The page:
In traditional economics, the rational actor is cast as the decision-maker. Early work in behavioral economics introduced the concept of the quasi-rational actor (whose preferences can be reversed by seemingly irrelevant factors). But more recent work in behavioral economics goes a step further: the enculturated actor is the decision-maker. He or she has endogenous perception, cognition, and preferences. They are shaped by sociocultural factors in durable ways.
In this presentation, Karla Hoff will attempt to broaden economic discourse by importing insights into human behavior from not only psychology but also sociology and anthropology. She will show that perception and cognition, which were until recently thought to be “basic, universal, and natural to human functioning,” vary dramatically among cultural groups (Markus and Kitayama 2010). This more realistic model of human behavior suggests new ways to understand societal rigidity and change. False beliefs and perceptions can be stable when individuals participate in networks that reinforce these as social constructions.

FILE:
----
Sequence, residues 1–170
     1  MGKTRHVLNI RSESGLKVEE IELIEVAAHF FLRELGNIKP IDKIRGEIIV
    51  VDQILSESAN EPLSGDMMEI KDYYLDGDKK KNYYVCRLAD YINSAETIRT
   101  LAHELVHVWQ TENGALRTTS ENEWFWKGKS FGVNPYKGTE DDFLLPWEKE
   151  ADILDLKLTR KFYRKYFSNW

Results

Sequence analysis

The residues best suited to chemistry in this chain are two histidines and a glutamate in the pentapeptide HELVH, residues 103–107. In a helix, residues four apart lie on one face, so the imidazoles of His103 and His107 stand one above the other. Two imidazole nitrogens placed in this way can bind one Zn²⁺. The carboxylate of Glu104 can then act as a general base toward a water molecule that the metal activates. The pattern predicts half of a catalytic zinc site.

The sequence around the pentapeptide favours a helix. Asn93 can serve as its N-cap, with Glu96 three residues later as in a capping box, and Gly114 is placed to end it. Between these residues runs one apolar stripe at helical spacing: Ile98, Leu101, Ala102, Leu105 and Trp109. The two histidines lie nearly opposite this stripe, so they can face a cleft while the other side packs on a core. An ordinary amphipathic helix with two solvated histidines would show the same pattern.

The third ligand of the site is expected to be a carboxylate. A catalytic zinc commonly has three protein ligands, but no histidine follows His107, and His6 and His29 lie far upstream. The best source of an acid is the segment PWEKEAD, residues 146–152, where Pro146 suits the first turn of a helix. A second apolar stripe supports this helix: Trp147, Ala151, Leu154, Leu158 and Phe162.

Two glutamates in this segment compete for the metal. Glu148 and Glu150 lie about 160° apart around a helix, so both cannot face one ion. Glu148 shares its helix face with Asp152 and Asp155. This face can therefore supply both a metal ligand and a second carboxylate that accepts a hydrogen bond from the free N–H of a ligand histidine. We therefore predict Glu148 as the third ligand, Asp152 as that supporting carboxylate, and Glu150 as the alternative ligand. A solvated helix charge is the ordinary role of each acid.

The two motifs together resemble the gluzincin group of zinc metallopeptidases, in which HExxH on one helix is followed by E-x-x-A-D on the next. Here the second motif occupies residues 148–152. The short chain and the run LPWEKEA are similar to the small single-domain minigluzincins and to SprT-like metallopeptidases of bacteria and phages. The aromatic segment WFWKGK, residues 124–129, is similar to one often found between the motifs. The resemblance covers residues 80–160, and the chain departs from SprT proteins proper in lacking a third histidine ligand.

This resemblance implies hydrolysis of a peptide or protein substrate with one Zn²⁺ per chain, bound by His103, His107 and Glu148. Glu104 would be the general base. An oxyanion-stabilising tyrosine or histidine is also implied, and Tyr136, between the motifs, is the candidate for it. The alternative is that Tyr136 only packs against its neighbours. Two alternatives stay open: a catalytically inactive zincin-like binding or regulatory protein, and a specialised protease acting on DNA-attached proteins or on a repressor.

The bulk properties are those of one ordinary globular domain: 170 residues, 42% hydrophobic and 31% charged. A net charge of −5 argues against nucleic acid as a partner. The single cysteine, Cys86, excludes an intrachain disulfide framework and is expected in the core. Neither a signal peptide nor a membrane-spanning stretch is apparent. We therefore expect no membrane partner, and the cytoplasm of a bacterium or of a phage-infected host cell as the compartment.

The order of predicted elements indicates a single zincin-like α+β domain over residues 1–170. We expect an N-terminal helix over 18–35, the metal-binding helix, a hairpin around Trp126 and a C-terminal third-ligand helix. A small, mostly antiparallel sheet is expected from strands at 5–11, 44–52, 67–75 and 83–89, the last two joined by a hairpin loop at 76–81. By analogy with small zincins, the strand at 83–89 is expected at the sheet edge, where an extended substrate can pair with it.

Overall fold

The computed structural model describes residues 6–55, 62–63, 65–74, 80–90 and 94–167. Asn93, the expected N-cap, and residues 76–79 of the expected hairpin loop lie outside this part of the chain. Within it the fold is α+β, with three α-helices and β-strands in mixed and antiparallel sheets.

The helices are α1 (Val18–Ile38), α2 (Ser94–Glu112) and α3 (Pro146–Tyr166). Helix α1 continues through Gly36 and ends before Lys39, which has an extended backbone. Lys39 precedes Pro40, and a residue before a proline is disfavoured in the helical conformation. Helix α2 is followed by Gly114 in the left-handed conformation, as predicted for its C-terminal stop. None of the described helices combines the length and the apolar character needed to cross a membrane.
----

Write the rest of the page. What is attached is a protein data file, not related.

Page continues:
Fortunately, a number of interventions have had demonstrated success in reducing cognitive biases in some cultural environments. Examples of successful efforts to change how people think and reduce cognitive biases have used self-help groups, political reservations for women in local government, sustained expansion of efforts to recruit women into the labor force, and social media. Hoff will highlight early findings of an evaluation of a participatory theater program in India in which plays highlight oppressive local norms. In repetitions of scenes, viewers can step onstage, play the role of a character, and try to persuade audiences that their construction of a solution is possible. The program has increased women’s agency.
Last Updated: Feb 03, 2016